Blog Posts by David Rothschild, Yahoo! News

  • NCAA Predictions: Kentucky is favorite to win, East is wide open

    Like the rest of the nation, we're temporarily suspending our interest in politics to devote every ounce of our mental energy to the NCAA men's basketball tournament. Fortunately, the same online betting sites we use to predict presidential elections can give us a lot of information about March Madness.

    Kentucky is the top ranked NCAA basketball team in the country and the clear favorite to win the tournament at 26.7 percent odds. Those are tremendous odds, given that the team has to win six straight games against the best teams in the country (if you county an opening round game against 16-seed Western Kentucky).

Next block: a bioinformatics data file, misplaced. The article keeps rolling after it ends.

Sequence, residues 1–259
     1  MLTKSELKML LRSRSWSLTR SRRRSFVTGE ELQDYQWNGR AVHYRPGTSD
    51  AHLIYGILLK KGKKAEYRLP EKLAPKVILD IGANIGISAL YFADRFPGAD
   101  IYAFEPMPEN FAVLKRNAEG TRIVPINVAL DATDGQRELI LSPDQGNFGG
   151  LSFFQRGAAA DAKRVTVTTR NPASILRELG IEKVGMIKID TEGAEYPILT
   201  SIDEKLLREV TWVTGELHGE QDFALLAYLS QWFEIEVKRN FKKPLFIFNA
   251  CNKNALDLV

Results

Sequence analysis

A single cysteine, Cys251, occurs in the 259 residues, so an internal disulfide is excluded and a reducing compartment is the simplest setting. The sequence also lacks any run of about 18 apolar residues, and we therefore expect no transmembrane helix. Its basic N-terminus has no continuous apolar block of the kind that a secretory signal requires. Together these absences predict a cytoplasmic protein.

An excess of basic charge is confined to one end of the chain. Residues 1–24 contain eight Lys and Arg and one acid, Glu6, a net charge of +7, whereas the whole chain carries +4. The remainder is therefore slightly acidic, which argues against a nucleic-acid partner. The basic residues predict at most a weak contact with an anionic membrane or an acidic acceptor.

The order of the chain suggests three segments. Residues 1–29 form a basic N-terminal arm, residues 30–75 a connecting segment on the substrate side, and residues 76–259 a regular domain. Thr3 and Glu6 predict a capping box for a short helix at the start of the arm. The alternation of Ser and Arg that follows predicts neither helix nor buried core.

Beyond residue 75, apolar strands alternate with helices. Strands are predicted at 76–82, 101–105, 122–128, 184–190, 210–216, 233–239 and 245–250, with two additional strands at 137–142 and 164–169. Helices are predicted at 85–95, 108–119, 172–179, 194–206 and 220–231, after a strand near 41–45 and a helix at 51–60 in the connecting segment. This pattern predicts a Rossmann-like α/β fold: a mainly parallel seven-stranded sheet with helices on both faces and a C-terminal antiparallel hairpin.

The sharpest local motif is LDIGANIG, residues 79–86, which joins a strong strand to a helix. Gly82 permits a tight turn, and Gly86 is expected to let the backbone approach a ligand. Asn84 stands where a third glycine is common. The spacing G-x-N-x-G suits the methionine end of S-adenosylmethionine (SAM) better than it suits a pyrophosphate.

The presence of Kentucky makes the South region the most dangerous for other top ranked teams: No. 2 Duke, No. 3 Baylor, and No. 4 Indiana all have the lowest likelihood of winning the title compared with the other teams of similar rankings.

    The East is the most wide-open region due to the ineligibility of top ranked Syracuse's start center, Fab Melo. Second ranked Ohio State

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  • Santorum’s wins knock Gingrich out of the running in Louisiana

    Following last night's big wins in Alabama and Mississippi, Rick Santorum has delivered the knockout blow to Newt Gingrich that he has long desired. Gingrich may or may not actually drop out of the race in the next few days, but he is no longer a viable alternative to Santorum in the anyone-but-Romney vote.